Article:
Medical Devices & Technology Archive


Device of the month: Body-weight scale

Compared with analog scales, digital scales are more accurate and easier to read. Many smart scales include added features such as smartphone connectivity and body composition estimates.

Bad bedfellows

The use of sleep tracking devices is increasing, but using a sleep tracker can contribute to anxiety and insomnia. Data from the device can influence how a person feels after awakening, even if the data aren't accurate. Sleep trackers can make people more aware of their sleep patterns and potentially help identify sleep disorders, but the data generated can be confusing and lead people to ignore how they feel after sleeping. A special form of cognitive behavioral therapy called CBTi is designed to improve insomnia and anxiety around sleep.

CPAP machines and masks: Which ones are right for you?

Continuous positive airway pressure (CPAP) is a first-line treatment for people with obstructive sleep apnea. The CPAP keeps the airway open by pushing a forceful stream of air through a tube and into a mask worn during sleep. The air comes from a small bedside pump (an air compressor). Other forms of positive airway pressure (PAP) may be helpful for people with central sleep apnea. Doctors determine which type of PAP therapy and device someone needs. Patients select the type of PAP mask to use with the system.

The latest in medical alert systems

Some medical alert systems now have advanced technology that integrates monitoring services with a smartphone, smart watch, or smart speaker. The services aren't cheap. They range from $20 to $50 per month, depending on the company and any additional services (such as fall detection). There may also be fees for activation and equipment (up to a few hundred dollars). The alternative is getting an alert system that isn't monitored, such as free "panic button" apps for smartphones or a smart watch that can notify relatives in an emergency.

Is your home blood pressure monitor accurate?

Many home blood pressure monitors are not validated for accuracy, which means there's no way to know if information they provide is correct. Relying on inaccurate measurements can affect decisions people make about medical treatment. Fortunately, reliable organizations have developed lists of blood pressure monitors that have demonstrated clinical accuracy. If a blood pressure monitor isn't listed, it's probably not validated.

What's the latest on wearables for finding atrial fibrillation?

Five smart watches capable of recording an electrocardiogram and detecting atrial fibrillation have been cleared for the market by the FDA. The devices can continuously monitor a person's pulse for an abnormally rapid heart rate and tell the wearer when to record an ECG, which involves opening an app and touching the side of the watch for 30 seconds. But it's not clear if using this feature can improve a person's health. There are many other ways to screen for afib. These strategies, which include simply checking one's pulse or wearing a heart monitor, depend on a person's afib risk and symptoms.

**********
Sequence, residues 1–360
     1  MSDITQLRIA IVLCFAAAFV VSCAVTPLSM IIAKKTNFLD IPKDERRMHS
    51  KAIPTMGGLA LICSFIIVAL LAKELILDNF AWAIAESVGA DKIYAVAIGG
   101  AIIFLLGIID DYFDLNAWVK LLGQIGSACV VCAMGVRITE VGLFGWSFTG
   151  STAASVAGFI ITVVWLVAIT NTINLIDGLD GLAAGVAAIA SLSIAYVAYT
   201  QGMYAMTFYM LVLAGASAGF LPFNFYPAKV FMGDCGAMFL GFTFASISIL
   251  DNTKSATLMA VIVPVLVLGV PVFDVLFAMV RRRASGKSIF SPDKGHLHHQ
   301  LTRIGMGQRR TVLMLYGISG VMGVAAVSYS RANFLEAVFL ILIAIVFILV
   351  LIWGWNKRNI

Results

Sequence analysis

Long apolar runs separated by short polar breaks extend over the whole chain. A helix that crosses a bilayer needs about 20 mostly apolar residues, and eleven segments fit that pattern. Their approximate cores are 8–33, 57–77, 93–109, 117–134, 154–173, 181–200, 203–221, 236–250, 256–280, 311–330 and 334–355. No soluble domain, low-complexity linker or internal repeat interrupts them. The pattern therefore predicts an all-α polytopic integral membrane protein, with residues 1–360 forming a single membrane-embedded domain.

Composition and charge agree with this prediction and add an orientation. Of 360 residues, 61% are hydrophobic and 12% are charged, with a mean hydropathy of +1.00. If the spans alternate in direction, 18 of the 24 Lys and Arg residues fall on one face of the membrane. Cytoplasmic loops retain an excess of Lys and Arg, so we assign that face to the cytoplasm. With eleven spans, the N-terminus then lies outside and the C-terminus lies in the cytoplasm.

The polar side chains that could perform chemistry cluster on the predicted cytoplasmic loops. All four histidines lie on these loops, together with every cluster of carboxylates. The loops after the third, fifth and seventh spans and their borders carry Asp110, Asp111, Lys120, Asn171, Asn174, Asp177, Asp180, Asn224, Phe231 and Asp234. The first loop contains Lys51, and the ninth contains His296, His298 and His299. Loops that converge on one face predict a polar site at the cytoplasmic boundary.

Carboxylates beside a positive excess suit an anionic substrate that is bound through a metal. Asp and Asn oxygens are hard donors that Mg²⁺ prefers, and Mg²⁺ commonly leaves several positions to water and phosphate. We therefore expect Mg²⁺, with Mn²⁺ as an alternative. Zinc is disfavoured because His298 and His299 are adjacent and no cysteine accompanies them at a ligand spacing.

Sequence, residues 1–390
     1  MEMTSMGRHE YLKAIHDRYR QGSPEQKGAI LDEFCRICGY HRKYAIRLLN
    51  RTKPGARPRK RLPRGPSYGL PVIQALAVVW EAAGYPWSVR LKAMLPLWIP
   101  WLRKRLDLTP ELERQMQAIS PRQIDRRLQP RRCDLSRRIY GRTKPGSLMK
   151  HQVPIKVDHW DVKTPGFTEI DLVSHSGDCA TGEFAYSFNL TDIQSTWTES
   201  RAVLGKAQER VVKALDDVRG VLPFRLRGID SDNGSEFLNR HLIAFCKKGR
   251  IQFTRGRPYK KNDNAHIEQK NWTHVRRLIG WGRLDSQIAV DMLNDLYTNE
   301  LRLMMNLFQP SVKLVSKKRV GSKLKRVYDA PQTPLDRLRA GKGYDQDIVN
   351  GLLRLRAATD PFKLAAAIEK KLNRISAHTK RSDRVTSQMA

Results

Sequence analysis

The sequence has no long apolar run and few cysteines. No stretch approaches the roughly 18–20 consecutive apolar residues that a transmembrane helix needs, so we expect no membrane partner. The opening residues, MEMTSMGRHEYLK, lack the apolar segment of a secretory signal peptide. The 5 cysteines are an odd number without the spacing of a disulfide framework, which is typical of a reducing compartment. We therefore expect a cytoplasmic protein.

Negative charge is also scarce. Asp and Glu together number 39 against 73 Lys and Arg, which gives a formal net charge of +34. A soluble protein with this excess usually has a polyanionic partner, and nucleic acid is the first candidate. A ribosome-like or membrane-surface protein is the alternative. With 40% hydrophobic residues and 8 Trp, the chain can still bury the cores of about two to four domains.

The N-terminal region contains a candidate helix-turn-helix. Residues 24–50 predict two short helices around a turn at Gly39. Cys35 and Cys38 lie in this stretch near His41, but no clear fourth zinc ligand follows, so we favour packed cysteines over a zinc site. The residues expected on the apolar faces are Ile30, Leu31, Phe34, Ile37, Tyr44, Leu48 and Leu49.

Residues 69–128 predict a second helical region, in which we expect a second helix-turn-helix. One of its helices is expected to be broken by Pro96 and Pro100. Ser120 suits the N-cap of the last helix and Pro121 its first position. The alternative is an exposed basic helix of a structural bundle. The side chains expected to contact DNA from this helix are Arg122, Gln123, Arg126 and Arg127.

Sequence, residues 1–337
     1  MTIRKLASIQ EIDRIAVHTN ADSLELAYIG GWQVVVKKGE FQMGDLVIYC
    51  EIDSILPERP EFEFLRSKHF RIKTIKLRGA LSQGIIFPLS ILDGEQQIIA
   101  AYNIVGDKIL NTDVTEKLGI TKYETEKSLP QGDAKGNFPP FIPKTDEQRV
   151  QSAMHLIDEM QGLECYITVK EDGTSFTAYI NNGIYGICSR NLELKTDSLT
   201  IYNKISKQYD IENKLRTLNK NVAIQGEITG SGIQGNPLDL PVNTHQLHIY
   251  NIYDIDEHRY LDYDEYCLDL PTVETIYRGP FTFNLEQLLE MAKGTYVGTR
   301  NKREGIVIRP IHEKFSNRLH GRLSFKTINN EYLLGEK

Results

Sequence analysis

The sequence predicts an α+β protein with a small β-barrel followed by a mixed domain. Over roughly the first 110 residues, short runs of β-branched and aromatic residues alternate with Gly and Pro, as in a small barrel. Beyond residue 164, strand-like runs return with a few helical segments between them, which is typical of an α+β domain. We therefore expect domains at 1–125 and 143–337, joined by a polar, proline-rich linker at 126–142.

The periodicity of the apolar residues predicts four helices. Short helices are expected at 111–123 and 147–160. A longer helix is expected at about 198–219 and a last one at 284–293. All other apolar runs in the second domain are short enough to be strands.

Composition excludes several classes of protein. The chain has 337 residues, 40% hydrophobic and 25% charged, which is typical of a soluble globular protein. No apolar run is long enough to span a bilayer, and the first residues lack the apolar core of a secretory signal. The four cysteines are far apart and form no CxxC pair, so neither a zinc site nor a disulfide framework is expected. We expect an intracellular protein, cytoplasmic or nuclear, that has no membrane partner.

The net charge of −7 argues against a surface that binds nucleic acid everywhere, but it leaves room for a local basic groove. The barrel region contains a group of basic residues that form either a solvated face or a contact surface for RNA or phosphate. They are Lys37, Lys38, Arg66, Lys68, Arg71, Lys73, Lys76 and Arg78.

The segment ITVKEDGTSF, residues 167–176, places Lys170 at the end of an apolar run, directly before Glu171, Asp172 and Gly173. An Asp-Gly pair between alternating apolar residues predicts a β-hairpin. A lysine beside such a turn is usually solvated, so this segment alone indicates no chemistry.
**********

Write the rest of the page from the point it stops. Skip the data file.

Can a smart watch detect early risks for certain heart problems?

A 2023 study suggests that the type of technology used in smart watches to measure the heart's electrical activity may have the potential to detect early signs of heart failure or atrial fibrillation.

Tips for getting used to over-the-counter hearing aids

For people who buy over-the-counter hearing aids, getting the devices is only a first step toward better hearing. It takes time to learn how to use, wear, and adjust the hearing aids, especially during the first two weeks. Tips to ease through this adjustment period include wearing devices at home for at least a few hours per day, and longer if possible; allowing soft sounds to be louder than normal at first; and learning to switch device settings for changes in environmental noise, such as going from a quiet street into a noisy restaurant.

All about your heart rate

Maximum heart rate refers to the upper limit of what a person's cardiovascular system can handle during exercise. It can be estimated by subtracting the person's age from 220. Target heart rates (which range from 64% to 93% of the maximum) can help people know if they are doing moderate or vigorous exercise. Physical activity guidelines recommend that people get at least 150 minutes of moderate-intensity exercise or 75 minutes of vigorous-intensity exercise, or a combination of both, per week.

A device to prevent strokes in afib

The Watchman, a tiny, basket-like device placed in the heart's left atrial appendage, is designed to prevent blood clots traveling from the heart to the brain and causing stroke. People with atrial fibrillation who face a high risk of bleeding from anti-clotting drugs may be good candidates for the device.

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